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Recently I had tha privilege of visiting Nigeria. It was a wonderful experience that opened my eyes to a world I had never seen. I had a delightful time visiting staff from World Missions and CRWRC and meeting with many of our ministry partners.

As I traveled across the countryside, I was struck by the vast openness of the land. I noticed very few fences or indications of physical boundaries or divisions. And while I am not naive enough to think that such boundaries do not exist in Nigeria, I found the lack of fences refreshing.

Fences are a simple reality in North America. In his poem “Mending Wall,” Robert Frost made famous the words, “Good fences make good neighbors.”

There is truth in his words. Boundaries are often necessary for people to live with some sense of security and peace. Good fences assure that our neighbor’s cattle do not damage our crops or that our dog does not destroy our neighbor’s flower garden.

At the same time, by their very nature boundaries separate people from each other. Some boundaries even separate us from God. These barriers are not physical, such as fences and walls; often they are emotional, cultural, linguistic, and even religious.

Reflect for a moment about how our relationship with God has been broken and how sin has become the barrier between us and God. But through the work of Christ, God transcended the boundary of sin and death and re-established his relationship with us. This was no easy task; it necessitated Jesus’ birth, death, and resurrection.

If God is willing to open the boundary that separates us from him, we also should be working to transcend the boundaries that separate us from each other. In this month’s Church@Work you can read about the translation work that has taken place in Mali. For 16 years translators have been diligently working to transcend a language boundary that kept people from experiencing the grace of God through Christ. Imagine the joy that comes from the completion of such work.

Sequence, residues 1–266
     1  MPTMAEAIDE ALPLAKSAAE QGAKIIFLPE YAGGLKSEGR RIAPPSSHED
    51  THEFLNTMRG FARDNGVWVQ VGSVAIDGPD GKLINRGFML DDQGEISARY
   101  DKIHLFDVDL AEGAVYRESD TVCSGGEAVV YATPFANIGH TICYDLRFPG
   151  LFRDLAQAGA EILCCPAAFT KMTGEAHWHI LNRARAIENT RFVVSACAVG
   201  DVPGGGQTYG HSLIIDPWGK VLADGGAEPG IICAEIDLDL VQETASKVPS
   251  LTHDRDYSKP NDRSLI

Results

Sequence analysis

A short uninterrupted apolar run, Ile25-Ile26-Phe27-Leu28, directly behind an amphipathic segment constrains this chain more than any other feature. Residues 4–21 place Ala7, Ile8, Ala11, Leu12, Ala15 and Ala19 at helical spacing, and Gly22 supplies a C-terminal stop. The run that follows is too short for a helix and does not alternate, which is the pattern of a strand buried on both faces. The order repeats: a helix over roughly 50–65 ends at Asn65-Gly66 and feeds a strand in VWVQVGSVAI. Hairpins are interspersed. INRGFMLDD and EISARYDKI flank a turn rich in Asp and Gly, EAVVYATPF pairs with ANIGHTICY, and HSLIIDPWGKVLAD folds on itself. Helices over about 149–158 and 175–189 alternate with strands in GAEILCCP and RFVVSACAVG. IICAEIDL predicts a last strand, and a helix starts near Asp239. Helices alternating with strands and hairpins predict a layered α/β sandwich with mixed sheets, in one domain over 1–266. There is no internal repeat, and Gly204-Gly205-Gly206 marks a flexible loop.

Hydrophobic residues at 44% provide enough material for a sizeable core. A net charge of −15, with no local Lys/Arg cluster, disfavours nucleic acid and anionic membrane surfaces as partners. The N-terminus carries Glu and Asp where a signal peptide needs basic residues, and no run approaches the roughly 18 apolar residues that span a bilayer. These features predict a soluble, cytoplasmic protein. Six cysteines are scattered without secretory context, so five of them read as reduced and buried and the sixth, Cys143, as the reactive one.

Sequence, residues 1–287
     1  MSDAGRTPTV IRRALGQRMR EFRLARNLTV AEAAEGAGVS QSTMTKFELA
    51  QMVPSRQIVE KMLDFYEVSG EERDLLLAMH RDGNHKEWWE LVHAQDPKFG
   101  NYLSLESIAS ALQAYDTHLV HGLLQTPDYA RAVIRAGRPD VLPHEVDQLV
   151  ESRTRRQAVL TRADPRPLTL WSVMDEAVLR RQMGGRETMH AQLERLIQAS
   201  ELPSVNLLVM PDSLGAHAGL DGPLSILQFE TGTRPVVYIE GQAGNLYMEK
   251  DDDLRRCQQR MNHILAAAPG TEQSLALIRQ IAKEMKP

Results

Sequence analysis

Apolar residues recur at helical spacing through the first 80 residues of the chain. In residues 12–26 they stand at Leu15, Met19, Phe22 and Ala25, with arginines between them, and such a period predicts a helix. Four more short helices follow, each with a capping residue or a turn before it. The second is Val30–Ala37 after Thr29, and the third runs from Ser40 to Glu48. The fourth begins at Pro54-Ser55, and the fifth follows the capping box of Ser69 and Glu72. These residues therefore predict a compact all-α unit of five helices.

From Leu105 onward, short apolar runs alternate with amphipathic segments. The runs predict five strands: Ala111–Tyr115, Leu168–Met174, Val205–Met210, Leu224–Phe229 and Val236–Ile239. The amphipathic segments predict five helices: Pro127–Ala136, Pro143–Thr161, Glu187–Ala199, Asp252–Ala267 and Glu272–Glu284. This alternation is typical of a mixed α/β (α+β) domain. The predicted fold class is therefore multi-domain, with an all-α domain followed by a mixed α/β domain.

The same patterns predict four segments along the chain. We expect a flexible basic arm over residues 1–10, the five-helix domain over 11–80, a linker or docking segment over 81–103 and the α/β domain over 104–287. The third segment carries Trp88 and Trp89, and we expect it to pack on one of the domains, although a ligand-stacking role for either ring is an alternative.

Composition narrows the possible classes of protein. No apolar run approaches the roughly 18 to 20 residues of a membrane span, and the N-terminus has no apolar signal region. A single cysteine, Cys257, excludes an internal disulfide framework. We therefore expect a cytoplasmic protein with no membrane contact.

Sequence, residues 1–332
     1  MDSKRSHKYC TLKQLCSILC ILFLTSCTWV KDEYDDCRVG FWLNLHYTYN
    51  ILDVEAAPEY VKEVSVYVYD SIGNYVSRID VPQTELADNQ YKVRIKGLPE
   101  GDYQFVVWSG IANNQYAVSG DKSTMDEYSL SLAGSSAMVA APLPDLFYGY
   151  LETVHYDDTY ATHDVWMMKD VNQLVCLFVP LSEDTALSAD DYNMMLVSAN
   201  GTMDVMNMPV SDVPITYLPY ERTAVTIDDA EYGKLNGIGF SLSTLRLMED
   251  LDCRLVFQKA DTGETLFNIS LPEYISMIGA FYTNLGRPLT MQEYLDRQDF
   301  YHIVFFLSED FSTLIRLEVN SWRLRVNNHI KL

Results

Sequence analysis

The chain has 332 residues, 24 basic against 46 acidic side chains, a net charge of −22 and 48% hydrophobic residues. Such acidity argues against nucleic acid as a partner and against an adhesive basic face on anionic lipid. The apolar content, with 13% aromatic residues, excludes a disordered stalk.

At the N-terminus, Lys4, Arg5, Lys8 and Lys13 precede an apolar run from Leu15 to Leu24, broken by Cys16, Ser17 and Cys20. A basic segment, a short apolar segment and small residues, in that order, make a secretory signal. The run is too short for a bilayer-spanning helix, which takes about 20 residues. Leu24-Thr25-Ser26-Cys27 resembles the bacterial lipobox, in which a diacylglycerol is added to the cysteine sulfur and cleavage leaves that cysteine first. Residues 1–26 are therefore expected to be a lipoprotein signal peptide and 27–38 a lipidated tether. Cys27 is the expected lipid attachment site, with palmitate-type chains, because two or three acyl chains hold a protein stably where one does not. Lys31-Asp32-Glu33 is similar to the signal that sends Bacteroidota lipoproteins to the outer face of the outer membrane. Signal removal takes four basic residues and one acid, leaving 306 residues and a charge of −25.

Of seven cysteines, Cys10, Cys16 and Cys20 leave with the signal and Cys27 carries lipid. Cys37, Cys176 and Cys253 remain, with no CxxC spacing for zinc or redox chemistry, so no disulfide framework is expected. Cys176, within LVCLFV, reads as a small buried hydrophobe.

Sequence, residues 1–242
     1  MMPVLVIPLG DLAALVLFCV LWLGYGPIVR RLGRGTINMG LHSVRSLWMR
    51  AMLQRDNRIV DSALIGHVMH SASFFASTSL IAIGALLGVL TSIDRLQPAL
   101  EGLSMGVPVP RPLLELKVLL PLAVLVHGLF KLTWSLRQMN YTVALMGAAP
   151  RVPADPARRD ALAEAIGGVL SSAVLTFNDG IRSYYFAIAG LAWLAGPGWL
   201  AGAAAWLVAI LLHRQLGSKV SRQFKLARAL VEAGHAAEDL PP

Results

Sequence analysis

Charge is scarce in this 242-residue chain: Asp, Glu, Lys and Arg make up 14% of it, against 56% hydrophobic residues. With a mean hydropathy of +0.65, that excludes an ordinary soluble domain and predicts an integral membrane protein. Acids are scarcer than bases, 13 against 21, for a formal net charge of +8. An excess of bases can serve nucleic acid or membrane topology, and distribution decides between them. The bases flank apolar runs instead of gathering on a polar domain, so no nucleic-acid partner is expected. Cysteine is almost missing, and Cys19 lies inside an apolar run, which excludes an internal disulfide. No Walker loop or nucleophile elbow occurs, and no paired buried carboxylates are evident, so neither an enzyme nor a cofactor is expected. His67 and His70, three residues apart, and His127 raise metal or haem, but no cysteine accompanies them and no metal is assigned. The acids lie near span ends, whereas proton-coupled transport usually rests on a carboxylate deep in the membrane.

Language is only one barrier to Christ’s love. Another story told in these pages is that of a chaplain touching the lives of men and women whose mental state prevents normal communication and relationships. Again, it is the love of God transcending barriers of brokenness and pain.

As I reflect on the barriers in my own life, I begin to realize how many there are and how seldom I notice them. The fences that separate me from my God and from others are often so mundane that I am unaware they even exist. I think of how my culture—my way of thinking and doing—often prevents God’s passion for the poor and disenfranchised from reaching me. Do I even see them? And if I do see them, do I allow their pain and brokenness to touch me?

How often does my own theology prevent me from truly knowing God? I am struck by how often people have confronted me with words such as, “My God could never be like that.” They then proceed to tell me how they see and understand God.

While I am critical of such thinking, I must confess that at times I find myself fitting God into the box of my own understanding and experience. I suspect we all do. Yet if I am to know God more fully, such theology is another boundary that I must seek to transcend.

There is a part of me that would agree with Robert Frost’s neighbor. Good fences do sometimes make good neighbors. But, for the most part, I hope we will find ways to open gates and step over fences. In transcending boundaries we find relationships of hope and love. In breaking barriers we discover God’s desire to
transform lives and communities around the world.

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